An hour of sitting in a dark room on a stained velvet sofa, sipping beer from a plastic cup. A crowd trickling in one by one to settle into shadowy corners and paw at one another. No music. That’s Underground Arts on a Tuesday night. That’s the opening to an evening featuring three acts, one of which I was there to see. That’s an opening worthy of questioning the reasons why I chose to show up. And question I did. A lot.

The further dimming of the already oily black room did nothing but make me feel I was in the sort of club that required its patrons to wear silk robes and puff away at calabash pipes. The crowd of sixty or so did little else in the new dark but whisper to one another, neck, or combine the two. This failed to dissuade my imagination from running away with ideas of what would happen next. With a clear path to the exit, there was only a warming beer to finish, it was time to go.

Then a lanky, semi-bearded guitarist sat down on a steel chair on stage. Alone without a mic, Bob from Junior Bob, a Canadian experimental jazz duo, finger tapped his way through his first piece of seemingly improvised music. It took a few minutes for the crowd to understand something spectacular was going on, but once they did, the room went silent. People crowded in front of the stage, mesmerized by Bob’s skill and precision. With no perceptible time signature to speak of, or beat to nod a long to, people stared with their mouths agape, or held their phones up, filming. Each song a minute or two long, Bob would finish an intense, beautiful and mind-bending piece of work, look up, say, “Thanks, I’m Bob from Junior Bob,” and get right back to playing. It was an astounding display of craft and talent.

Then it ended. Short like his pieces, Bob’s set ran for a total of 15 minutes.

Banned Books made quick work of Bob’s minimal stage setup. Falling into the noise rock genre, Banned Books was just what you would expect, but their genre relies on a sound sense of musicianship and skill. You can’t make noise without understanding how to make music first. While it was clear there was an underpinning of talent, I’m not sure if it was shtick, or an inside joke, or just an off night, but things got weird fast. Their set planted its ass right on the line between deranged stupidity and eccentric genius, with most of the second cheek on the stupid side.

Drummer Cameron Vance’s explosive fits of violence behind the kit shook the stage. Whether it was one stick in each hand, or literal handfuls of sticks, he beat his drums so hard that the cinder block keeping his bass drum in place fell off the stage and shattered, spraying the nervous audience with gray talcum. After each of their frantic, ridiculous songs, it seemed to me the crowd was applauding out of sheer confusion. I had the same befuddled feeling. Was it an act? Was I not in on the joke? Were they a good band having a really bad night? I don’t know. What I do know is I was entertained. Despite the tampon flicked into the crowd. Despite the many failed attempts to begin songs. Despite the weird, sensual way in which Vance said, “I’m 27. I got nothin’,” then laughed like a lunatic. And despite the near constant fear that my eyeballs would fall victim to a loose drum stick.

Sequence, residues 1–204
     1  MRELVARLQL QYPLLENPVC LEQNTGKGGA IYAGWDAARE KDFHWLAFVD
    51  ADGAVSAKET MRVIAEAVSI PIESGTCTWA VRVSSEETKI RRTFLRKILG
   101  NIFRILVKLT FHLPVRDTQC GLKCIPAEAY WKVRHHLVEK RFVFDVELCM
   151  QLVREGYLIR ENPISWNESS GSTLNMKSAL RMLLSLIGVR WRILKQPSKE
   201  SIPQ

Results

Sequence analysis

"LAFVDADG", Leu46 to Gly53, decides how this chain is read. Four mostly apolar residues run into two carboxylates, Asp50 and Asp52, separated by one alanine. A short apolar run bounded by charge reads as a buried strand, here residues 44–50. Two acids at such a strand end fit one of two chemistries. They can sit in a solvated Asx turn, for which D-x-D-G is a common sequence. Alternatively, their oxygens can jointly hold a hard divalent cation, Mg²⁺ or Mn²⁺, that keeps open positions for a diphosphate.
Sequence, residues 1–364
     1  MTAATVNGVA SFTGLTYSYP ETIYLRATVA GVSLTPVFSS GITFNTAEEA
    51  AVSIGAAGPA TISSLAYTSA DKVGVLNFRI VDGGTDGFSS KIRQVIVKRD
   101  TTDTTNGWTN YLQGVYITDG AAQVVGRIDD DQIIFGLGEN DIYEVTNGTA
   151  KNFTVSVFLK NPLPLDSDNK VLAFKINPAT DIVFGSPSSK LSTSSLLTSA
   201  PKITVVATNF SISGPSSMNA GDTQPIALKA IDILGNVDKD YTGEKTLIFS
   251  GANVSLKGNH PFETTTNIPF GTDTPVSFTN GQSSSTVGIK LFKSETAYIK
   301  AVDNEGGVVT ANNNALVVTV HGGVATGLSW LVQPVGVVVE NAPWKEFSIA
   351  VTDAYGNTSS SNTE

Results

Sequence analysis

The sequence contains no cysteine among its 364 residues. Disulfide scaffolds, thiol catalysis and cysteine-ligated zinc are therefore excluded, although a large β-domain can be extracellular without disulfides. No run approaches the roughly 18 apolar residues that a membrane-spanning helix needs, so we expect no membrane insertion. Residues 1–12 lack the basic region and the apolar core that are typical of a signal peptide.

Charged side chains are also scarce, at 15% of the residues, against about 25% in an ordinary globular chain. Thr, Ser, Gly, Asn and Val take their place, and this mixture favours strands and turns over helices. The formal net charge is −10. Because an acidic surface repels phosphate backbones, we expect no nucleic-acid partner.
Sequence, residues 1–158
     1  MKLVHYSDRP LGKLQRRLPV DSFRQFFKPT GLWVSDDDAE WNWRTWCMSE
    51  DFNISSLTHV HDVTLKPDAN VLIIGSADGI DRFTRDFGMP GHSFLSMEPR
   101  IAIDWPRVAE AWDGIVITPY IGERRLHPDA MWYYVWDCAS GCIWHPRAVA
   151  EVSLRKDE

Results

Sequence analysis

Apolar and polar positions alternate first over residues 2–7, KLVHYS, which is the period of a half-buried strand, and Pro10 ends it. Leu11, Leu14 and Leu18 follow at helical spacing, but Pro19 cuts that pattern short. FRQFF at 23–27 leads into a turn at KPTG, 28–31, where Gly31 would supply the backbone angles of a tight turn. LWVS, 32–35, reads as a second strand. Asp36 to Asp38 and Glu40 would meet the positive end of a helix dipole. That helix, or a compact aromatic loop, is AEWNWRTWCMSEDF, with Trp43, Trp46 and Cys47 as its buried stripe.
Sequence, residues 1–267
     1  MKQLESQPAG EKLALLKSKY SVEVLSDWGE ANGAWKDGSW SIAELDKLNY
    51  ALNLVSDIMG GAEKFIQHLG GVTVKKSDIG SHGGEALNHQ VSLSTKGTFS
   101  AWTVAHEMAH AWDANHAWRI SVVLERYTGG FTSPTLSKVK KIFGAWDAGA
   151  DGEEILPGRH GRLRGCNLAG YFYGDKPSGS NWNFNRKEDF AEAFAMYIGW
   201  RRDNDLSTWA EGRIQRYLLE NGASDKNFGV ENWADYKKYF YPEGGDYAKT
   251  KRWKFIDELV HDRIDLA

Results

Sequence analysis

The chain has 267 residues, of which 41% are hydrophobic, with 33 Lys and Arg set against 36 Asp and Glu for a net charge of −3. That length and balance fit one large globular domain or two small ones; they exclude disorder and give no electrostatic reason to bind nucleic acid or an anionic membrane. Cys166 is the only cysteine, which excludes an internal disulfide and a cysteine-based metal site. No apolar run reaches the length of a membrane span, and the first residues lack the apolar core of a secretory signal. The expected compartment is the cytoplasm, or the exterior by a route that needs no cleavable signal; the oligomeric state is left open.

A bit disheartened, a bit weirded out, the crowd didn’t go far. It was clear some of the fun had been sucked out of the room. While Delicate Steve set up on stage, the air of excitement that had billowed up after Bob’s set was missing. A shame, really. What started as a weird evening in a basement and entered into the exciting realm of New Experience was once again just bullshittery in a dark room.

Then Delicate Steve began playing. Upbeat, technical and danceable, guitarist and mastermind Steve Marion wailed without having to shred, physically reacting to his own playing without seeming strange. He and his absurdly talented bandmates turned the night around in the opening seconds of their first song. Featuring classic rock licks with tribal beats, Delicate Steve’s work is experimental and joyful, unclassifiable to subgenres or labels; their music can be enjoyed and marveled at by just about anyone.

Given they only have two records thus far (2011’s Wondervisions and 2012’s Positive Force), it wasn’t a surprise to seem them play a set that consisted of the vast majority of their catalogue during their stint on stage. Fan favorites like “The Ballad of Speck and Pebble” and “Wondervisions” were cheered for as if they were rock ‘n’ roll canon. The slower jams, “Afria Talks To You,” and “Flyin’ High” benefited from their placement toward the end of the set. Every tune flowed into the next, with room for a “Thank you,” from Marion sprinkled here and there. Most of their set was an infectious wall of sound. A performance that can be remembered for the sake of the talent on stage, not the kind of weirdness that stunk up the room earlier.

The lights were a deep blue, the crowd swaying and smiling. The unsettled mood from an hour before had turned into something that bordered on sugary joy. The dark corners of the room were still creepy, but they became part of the aesthetic. Some people were still trying to eat each other’s faces, but that New Experience territory I mentioned earlier had made way for such things to be soundtracked by incredible music.

Often enough, the best nights start with an uneasy gut and a sense of nervous anticipation. These nights give off a vibe of weird, visceral humanity. This show had all of that, indeed, but it paid off big. Fluttery guts don’t have to be a reason to run. Delicate Steve and Bob were the payoff for fighting through the queasiness.

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